I never liked my spooky books to be too safe. I much preferred creepy tales with unexplained, somewhat twisted endings or, better yet, the possibility of it being a true story, to the neat, Scooby Doo endings. Tucked into my safe bedroom, I savored the fear, the unforseen, the uneasy.
On the night before we got married, David and I hiked in through the old growth forest, about an hour before midnight, with the full moon up above us. On Hallowe'en night. We wore our flower crowns the entire night so that we were in disguise, and we left a candle burning outside our tent, a little dish of wine set out for the spirits while we soaked in the hot springs in the dark.
contest on Absolute Write. I never write short fiction. I'm terrible at it. I can't stop, and every piece I write wants to be a novel all its very own. So...I struggled a bit with the five hundred word limit, and eventually, that little story is now in the process of inspiring not only one novel but TWO! One, currently without a title and known simply as "My Cassandra WIP", features all three of the characters from the short story and the purple hearse as well, but in a slightly less terrifying story. The short story also inspired my very first Middle Grade WIP, a ghost story about summer camp on the shore of Arrowhead Lake and the desperate ghost of iron miner Otto Jarvi and his long-drowned daughter Lucia. In this book, the Ouija board and its frightening messages make another appearance.
I'm very excited about both WIPs, so I thought I'd share the story that started it all. It's 499 words, including the title.
“Put out the light, and then put out the light…”
“I thought a hearse would be appropriate.” Kayla slaps the handmade invitation down on my desk and peers into her compact, adding another layer of black eyeliner. “You’d better come.”
“You’d better pass.” I pick at my nail polish. Kayla’s birthday is on Halloween, and tonight will be the first year that one of us can drive. If she doesn’t screw it up.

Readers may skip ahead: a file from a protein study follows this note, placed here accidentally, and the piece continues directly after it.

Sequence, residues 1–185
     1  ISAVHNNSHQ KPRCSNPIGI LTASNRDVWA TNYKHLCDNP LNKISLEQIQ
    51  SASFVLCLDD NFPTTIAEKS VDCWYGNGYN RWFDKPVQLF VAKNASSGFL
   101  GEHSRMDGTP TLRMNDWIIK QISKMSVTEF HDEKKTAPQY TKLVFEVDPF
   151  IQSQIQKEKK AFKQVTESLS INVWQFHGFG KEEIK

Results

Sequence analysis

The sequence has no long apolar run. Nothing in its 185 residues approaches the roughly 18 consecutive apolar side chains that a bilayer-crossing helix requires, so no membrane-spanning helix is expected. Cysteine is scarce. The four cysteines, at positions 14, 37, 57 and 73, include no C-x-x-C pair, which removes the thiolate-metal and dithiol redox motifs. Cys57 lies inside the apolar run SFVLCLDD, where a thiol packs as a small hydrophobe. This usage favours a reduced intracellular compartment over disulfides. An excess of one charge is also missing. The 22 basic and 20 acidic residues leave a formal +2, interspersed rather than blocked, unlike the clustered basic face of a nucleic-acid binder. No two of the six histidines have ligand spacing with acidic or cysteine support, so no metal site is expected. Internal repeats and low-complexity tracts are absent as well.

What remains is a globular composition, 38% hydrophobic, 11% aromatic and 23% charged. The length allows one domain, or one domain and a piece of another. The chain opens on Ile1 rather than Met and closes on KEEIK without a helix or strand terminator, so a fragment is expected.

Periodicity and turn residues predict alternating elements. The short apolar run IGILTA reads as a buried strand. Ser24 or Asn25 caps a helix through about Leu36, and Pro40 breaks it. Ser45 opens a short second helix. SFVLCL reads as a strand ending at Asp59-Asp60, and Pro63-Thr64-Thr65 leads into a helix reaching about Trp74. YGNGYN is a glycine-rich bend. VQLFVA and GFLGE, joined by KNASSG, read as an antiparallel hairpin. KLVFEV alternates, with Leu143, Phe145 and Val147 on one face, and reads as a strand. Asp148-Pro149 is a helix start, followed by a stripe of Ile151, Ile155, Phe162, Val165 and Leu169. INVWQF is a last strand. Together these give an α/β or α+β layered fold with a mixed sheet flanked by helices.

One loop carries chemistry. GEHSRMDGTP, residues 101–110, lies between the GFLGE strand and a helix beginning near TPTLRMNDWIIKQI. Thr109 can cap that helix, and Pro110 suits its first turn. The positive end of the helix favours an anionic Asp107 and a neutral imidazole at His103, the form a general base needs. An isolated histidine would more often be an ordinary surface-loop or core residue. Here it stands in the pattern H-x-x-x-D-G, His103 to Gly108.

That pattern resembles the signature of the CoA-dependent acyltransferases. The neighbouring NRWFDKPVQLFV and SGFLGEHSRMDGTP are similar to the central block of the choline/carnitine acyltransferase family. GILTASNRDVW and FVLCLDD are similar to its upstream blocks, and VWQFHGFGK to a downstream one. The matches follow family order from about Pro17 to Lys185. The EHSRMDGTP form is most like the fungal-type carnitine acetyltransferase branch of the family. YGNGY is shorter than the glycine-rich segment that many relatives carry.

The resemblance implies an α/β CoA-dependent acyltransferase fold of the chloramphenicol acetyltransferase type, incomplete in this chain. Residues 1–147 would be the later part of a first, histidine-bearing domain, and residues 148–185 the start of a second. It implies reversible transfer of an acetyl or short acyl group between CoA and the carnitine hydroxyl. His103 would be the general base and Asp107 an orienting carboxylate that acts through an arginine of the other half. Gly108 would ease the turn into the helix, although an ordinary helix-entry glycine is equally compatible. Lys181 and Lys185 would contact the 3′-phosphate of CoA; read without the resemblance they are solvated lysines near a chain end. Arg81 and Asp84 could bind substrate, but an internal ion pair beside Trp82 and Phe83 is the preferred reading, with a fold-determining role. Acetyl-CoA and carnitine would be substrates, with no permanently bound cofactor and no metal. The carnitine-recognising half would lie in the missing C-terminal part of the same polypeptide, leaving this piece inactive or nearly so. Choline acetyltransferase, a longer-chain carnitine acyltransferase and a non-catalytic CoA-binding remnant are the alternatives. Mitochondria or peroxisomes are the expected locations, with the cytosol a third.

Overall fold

“You’d better bring the Ouija board.”
I look at the little hearse. Perfect. “Séance in the grocery getter?” I say. Kayla’s driving her mom’s old station wagon.
She laughs. “Drew is going to piss her pants.” It’s true, but Drew’s like that. She’ll dress up in a princess costume so she doesn’t scare the crap out of herself.
“Be ready at eight,” Kayla says. “Plath’s Lookout.”
Last winter a car full of kids skidded off the edge of a hairpin curve driving down from the Lookout. Six dead. We’re hoping they’ll talk.
“You’d better be driving,” I say.
Drew squeezes closer to me, and the sharp point of her glittery pink wing stabs me in the neck. “God, Drew. I’ll be bleeding for real. Relax. It’s a toy. Look.” I hold up the little piece of triangular plastic.
“Cassandra, stop!” Drew snatches the planchette out of my hand and slaps it back on the ouija board. “We didn’t say goodbye. The spirit could escape!”
Kayla and I exchange a glance, but we touch our fingers back to the planchette and slide it across the word “Goodbye”. Halfway through, the little triangle jerks away, and my fingers almost slip off. “Kayla, stop it. You’re freaking Drew out.”
“I’m not doing it.”
I look at her face to be sure, but I can tell by her voice she’s not kidding. The planchette swings in erratic circles around the board, and then it settles on a rapid succession of three letters.
D-I-E! D-I-E! D-I-E!
Drew whimpers. The air in the back of the wagon grows colder; the two candles are flickering. My eyes are drawn to the little paper hearse Kayla taped to the window. “Live it up,” says the invitation.
When I’m scared I get reckless. “You’re not real,” I say. “You can’t kill us. You can’t even blow out our candles.”
D-I-E! The triangle flies across the board.
“Blow out the candles, if you’re so powerful! Put out the light! You can’t even do that!”
“Cassandra!” Drew screams and grabs my arm. “GOODBYE!”
We wrestle the planchette across the word, and it falls silent and dead. We stare at it.
“It’s just a toy,” I say.
“Let’s get out of here,” says Kayla. She climbs up to the driver’s seat and starts the engine, spinning the tires in her haste.
“Be careful,” Drew gasps, reaching for her seatbelt. “The curve--”
We’re going too fast. The corner ahead, the abyss beyond--nothingness lit up by our headlights.
“DIE!” screams Drew.
The headlights go out.